Greek mythology has probably always been my favorite mythology, and this might be my favorite stories of all time. It’s also one of the most famous love stories ever told. Because the myth of Hades and Persephone, sometimes referred to as the “Abduction” or “Rape” of Persephone is a love story… just not necessarily a happy one. Sorry this is long, but I had to tell it right.
Once upon a time, Zeus, the King of the Gods, was having an affair with the goddess of the harvest, Demeter. They conceived a beautiful goddess named Persephone, who was loved by all for her lighthearted kindness. Demeter was very protective of her daughter, keeping her naive to the ways of the world and dressing her as a child, even as she grew into a women. She meant to keep her innocent and virginal forever, always by her mother’s side.
One day Hades, the God of the Underworld, happened to glance up at the world above and noticed Persephone playing with a group of nymphs in her fields. Now, the underworld was a dark, isolated place, and since it was Hades’ job to judge the souls of all the dead, there was so much work to be done and he hardly ever was able to see his family up above. The other gods had grown to fear him, and the mortals hardly dared to utter his name. Hades was a just god, but he grew lonely and cold as he carried out his duties over the centuries. But as he observed Persephone, he was struck immediately by her beauty and her tenderness towards the nymphs. He ended up going back to watch her every so often, feeling his old heart soften each time. Finally he roused himself to go to Olympus and ask Zeus for Persephone’s hand in marriage. Zeus was pleased with this turn of events: Hades was the richest and most stable of all the Gods, not to mention powerful. He gave his consent to the marriage. However, Hades knew Demeter would never allow the union, so he decided to spirit Persephone away.
One day when Persephone was alone in her fields, the ground suddenly split open, and out sprung a huge chariot being pulled by black horses. Hades leaned over the side and scooped Persephone up, and before the girl could even scream, plunged back into the earth. Demeter quickly noticed her daughter was gone and searched frantically for help. Eventually she found a farmer who had witnessed all of it, and Demeter grew livid, vowing that the ground would never produce a stalk of wheat until Persephone was returned.
Down in the Underworld, Persephone was distraught. Hades was kind to her and showered her with gifts, but she missed her mother and the world above. Hades was saddened, but he was also patient. He put Persephone’s thrown right next to his and, unlike the other Gods, allowed her equal rule along side him. He treated her not as property, but as someone who could eventually become a friend. When Persephone suggested that another realm be made for the best mortal souls to go to, Hades made it for her. It was called Elysium–the Underworld’s heaven. Persephone felt conflicted. She missed her mother, but Hades was the only person who’d ever treated like an adult. She was beginning to fall in love with him.
One morning Persephone went into the Underworld’s garden, and was offered a pomegranate by the gardener. Up until that point, Persephone had resisted eating anything offered to her–she knew that if she ate any food from the Underworld, she would be bound to it forever. But that morning, Persephone was so hungry, she took the pomegranate and ate six of its seeds. Then abruptly, Hermes, the messenger of the Gods, appeared before her. He told her that Demeter had caused the earth to freeze, and that no crops would grow. Mortals were dying in droves, and the only thing that would stop her was Persephone’s return. Persephone reluctantly allowed Hermes to take her to Olympus, where Zeus and Demeter were having it out. Zeus had promised his daughter to Hades without her consent, after all.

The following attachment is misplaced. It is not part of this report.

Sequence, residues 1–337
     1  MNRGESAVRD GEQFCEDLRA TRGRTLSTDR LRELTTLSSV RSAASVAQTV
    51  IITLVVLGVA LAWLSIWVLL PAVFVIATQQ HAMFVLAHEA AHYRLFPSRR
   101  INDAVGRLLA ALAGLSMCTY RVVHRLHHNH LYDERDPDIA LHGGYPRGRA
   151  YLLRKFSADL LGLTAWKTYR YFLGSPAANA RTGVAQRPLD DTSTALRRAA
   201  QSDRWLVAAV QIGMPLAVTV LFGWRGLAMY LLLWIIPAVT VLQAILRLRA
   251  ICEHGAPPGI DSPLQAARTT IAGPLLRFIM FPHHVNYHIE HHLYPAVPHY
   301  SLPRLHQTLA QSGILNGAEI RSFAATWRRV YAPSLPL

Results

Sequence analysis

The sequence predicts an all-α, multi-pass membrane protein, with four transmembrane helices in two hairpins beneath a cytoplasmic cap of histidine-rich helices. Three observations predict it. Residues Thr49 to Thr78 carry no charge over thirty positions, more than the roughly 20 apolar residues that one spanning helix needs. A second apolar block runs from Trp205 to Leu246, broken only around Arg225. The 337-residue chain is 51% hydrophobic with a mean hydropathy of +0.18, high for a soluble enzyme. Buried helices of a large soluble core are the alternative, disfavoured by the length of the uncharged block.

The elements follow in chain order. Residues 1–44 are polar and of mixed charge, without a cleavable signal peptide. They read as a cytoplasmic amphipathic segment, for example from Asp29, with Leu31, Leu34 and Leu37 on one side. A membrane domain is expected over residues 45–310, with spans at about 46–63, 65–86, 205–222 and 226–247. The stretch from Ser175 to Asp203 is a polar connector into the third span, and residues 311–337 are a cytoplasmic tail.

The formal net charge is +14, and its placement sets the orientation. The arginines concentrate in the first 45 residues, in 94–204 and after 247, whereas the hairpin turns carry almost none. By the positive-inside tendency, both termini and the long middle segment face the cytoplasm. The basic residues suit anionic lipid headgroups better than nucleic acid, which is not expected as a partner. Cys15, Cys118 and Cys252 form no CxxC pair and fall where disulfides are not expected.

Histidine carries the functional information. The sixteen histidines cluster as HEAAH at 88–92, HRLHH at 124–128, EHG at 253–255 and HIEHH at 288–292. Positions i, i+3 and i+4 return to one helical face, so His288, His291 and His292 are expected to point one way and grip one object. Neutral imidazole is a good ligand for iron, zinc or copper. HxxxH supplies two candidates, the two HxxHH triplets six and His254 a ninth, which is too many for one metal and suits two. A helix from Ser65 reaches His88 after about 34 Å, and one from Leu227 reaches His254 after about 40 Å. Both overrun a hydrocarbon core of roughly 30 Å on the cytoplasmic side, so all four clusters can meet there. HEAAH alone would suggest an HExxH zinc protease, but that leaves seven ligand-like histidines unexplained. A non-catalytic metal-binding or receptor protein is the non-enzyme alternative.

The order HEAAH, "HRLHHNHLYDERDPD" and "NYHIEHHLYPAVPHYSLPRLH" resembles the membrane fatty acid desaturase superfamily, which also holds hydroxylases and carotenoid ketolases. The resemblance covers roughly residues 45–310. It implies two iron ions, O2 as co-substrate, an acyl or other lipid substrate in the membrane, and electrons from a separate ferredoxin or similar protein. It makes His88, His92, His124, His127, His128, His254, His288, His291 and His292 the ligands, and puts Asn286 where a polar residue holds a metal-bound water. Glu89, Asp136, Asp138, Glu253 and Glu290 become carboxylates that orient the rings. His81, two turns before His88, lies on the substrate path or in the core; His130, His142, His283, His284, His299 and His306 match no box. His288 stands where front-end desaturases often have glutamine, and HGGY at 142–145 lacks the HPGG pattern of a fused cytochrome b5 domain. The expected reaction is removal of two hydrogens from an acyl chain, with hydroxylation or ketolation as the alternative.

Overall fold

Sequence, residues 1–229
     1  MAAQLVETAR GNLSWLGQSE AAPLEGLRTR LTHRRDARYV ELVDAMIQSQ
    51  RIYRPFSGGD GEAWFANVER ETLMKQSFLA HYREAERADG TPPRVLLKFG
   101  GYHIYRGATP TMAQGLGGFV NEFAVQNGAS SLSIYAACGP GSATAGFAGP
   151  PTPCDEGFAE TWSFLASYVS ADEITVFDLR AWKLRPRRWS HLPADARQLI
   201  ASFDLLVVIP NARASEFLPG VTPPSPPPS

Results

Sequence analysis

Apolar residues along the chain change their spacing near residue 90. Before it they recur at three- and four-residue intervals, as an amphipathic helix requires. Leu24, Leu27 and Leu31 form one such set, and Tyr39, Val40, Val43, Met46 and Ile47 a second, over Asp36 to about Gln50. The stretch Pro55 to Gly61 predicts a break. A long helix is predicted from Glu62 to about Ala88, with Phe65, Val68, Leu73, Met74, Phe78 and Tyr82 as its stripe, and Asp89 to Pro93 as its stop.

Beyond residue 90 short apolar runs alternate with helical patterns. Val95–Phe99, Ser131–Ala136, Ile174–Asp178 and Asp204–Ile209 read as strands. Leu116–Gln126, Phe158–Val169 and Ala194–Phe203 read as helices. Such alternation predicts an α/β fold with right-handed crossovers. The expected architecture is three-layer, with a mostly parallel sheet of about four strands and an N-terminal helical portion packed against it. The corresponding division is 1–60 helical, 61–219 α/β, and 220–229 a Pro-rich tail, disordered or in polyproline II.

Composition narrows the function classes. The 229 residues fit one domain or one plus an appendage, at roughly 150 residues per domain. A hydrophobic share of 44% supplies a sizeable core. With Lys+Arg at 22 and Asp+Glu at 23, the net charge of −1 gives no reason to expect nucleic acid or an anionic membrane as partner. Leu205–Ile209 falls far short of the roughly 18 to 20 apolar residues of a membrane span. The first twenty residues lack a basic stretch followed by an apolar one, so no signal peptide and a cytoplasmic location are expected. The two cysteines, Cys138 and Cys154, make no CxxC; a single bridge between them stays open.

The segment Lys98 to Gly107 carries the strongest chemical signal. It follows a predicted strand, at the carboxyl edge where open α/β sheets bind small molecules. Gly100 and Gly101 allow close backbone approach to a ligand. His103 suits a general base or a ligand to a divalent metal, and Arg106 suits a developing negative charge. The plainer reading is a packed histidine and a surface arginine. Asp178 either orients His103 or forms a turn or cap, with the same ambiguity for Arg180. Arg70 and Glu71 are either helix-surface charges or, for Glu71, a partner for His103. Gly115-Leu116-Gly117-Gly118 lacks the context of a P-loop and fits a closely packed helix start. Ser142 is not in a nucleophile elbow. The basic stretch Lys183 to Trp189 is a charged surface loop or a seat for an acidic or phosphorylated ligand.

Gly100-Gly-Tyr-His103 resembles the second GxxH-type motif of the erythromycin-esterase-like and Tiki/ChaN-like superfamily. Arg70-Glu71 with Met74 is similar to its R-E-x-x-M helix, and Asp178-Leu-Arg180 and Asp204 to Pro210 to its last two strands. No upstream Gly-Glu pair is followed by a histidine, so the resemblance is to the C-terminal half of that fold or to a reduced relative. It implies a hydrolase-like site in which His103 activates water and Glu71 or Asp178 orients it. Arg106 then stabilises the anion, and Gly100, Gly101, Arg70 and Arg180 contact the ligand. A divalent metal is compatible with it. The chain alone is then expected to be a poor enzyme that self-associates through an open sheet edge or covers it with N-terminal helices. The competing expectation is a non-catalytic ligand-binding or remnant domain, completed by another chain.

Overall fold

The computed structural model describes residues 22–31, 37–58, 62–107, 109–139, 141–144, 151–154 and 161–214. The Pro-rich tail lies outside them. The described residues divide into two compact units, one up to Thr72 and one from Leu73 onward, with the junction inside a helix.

Persephone tried to convince Demeter that she was all right and that Hades had been kind to her, but Demeter insisted that she had to come home, or else she would let every mortal on earth die of famine. Suddenly the throne room darkened and the Gods turned as Hades stepped out of the shadows. He was holding the partially eaten pomegranate in his hand.
“Persephone has eaten the fruit of the Underworld,” Hades said cooly, “she must return and rule it with me.”
While Demeter resumed her tantrum, Zeus considered Persephone quietly.
“How many seeds did you eat, daughter?” he asked.
Persephone told him, “Six.” Zeus stood up from his throne and the assembly quieted.
“Since Persephone has eaten six seeds of the pomegranate, I rule that she will spend six months of each year in the Underworld with her husband, and six months tending to the mortal’s fields with her mother.”
Neither Demeter nor Hades were completely happy with this agreement, but Zeus had made it so. Every year Persephone returned to the fields and restored them with Demeter, and when the time came, Hades would come to her and escort her to her throne in the Underworld. Each time she left, Demeter mourned and all vegetation died. and each time Persephone returned, the earth warmed and became fertile once again. This is how the Greeks explained the earth’s seasons, and how a goddess of life fell in love with the Underworld.
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